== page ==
The problems have their roots in the covid-19 pandemic, Thomas said. The cost of providing care rose during that two-plus-year period, and early on, hospitals were getting assistance from various government programs. But now that the pandemic is waning, those higher costs have remained while the support has disappeared.
"Pharmaceuticals and supply costs have increased substantially," Thomas said. "And labor has skyrocketed. To run a hospital and take care of patients, you need nurses and technicians and therapists, but the costs have gotten significantly higher. Overall, our expenses are up nearly 20%. And they are not temporarily higher; they are permanent."
Some of those increases came as a direct result of the economic forces brought on by the pandemic.
Nurses and other care workers were at a premium, for instance, so pay rose. Personal protective equipment, which was in short supply, also saw a drastic increase in prices. And while all of those costs might flatten for a time, Thomas said he does not see them dropping, not with inflation surging at levels not seen in four decades.
For other businesses, when costs go up, prices rise, and people either pay those increased prices or curtail the use of that product. One need look no further than the gas pump. Not too many weeks ago, a gallon of regular gas approached $5. Groceries and other items have also seen surges in prices because of inflation. But raising prices does not work for hospitals.
"We don't have a ton of leverage," Jeffery said. "In many cases, we are told what we will be paid. There's really no way to increase our fees or our charges to directly increase our reimbursement."
Companies that sell products to hospitals can, like petroleum distributors, simply pass along the higher prices they face to their consumers, Thomas said.
"Vendors aren't losing any money," he said. "So who bears the brunt of those higher costs? Hospitals."
The reason that hospitals can't realistically raise rates, the two said, is because on the one side, Medicare and Medicaid dictate what hospitals are paid.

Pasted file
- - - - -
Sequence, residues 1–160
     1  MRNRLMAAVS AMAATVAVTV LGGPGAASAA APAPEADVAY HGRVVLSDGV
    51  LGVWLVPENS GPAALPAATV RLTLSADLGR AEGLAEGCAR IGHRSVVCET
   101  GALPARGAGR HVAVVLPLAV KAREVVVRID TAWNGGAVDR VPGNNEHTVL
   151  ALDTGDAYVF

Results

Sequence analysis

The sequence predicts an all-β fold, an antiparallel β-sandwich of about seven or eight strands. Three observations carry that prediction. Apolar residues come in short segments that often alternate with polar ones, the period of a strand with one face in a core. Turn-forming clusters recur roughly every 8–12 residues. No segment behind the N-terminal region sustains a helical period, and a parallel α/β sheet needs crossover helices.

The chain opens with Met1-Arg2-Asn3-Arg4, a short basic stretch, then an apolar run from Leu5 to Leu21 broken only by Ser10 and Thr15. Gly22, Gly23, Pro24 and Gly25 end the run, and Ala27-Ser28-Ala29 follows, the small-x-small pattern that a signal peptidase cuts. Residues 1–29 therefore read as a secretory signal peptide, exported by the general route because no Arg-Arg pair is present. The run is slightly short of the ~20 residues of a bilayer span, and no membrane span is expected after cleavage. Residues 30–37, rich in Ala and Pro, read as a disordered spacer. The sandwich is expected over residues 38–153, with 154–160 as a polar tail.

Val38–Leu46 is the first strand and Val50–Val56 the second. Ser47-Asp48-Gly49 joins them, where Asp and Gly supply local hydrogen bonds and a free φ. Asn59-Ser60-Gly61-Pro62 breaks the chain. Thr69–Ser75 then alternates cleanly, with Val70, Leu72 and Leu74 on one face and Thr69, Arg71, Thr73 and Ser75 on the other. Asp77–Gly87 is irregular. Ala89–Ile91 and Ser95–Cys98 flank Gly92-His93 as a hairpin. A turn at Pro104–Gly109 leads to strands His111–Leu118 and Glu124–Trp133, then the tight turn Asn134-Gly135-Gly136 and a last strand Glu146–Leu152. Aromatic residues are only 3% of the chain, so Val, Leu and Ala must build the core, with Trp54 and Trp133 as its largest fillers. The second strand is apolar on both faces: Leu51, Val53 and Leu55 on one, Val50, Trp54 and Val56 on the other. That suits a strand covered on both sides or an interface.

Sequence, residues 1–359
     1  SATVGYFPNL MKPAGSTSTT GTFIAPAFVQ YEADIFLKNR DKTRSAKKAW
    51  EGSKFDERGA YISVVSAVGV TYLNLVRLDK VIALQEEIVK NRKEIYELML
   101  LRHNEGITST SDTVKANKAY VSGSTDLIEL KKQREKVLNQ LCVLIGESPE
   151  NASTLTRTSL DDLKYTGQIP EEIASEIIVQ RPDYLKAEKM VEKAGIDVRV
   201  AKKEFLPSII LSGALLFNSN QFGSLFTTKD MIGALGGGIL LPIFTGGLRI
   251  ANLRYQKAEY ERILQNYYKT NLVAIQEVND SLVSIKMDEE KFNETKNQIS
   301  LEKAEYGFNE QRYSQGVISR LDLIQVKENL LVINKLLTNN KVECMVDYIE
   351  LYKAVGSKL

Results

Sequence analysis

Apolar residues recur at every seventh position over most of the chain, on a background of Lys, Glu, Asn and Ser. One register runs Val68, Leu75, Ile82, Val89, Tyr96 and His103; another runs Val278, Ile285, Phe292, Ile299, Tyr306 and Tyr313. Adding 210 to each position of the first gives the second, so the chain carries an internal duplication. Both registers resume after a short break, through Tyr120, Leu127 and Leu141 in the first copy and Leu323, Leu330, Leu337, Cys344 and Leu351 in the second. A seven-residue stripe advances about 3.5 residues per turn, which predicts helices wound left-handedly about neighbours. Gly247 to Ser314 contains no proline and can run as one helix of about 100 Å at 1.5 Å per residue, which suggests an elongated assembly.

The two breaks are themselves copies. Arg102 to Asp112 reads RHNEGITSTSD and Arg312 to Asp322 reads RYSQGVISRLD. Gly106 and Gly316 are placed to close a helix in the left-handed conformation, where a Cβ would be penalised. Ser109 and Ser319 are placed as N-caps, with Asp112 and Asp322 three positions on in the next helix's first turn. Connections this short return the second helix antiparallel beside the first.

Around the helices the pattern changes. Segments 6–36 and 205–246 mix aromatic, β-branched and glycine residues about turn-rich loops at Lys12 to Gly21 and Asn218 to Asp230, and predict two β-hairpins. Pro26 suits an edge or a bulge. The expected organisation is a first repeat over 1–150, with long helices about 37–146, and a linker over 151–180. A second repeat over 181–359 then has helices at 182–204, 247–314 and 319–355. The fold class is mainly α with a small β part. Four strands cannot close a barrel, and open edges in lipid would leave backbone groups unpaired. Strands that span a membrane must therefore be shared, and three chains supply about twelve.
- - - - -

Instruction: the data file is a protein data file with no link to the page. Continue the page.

On the other side are large insurance companies that are not eager to raise the amount they reimburse to hospitals and other caregivers.
"Everybody is trying to save a dollar," Jeffery said, "and as far as the dollars flow, we are at the bottom."
Thomas said that, to fix the problem, state and federal elected officials need to address the inequities that now exist in what hospitals are having to spend to provide care and how much they are being paid for those services.
"We need more participation from all payers to address the shortfall we are having," Thomas said, adding that he was glad to see other hospital CEOs speaking out about the problem.
"We are not doing this to shame or guilt," he said. "But we need to get the attention of the legislative body and communicate to them that there are real challenges that are affecting all hospitals."
Thomas said Jefferson Regional does not intend to lose the positive momentum it is experiencing because of the reimbursement issues.
"Despite the financial pressures, our management team, board of directors, employees and medical staff are committed to providing exceptional care," he said. "We are experiencing record patient satisfaction scores. That's been improving for the past five to seven years. Morale is high, so we know our staff and physicians are all happy. We're committed to moving forward."
But the reimbursement element will have to be addressed at some point, and for Thomas, it should be earlier rather than later.
"This situation cannot continue forever," he said, "without a change in the way reimbursements are determined."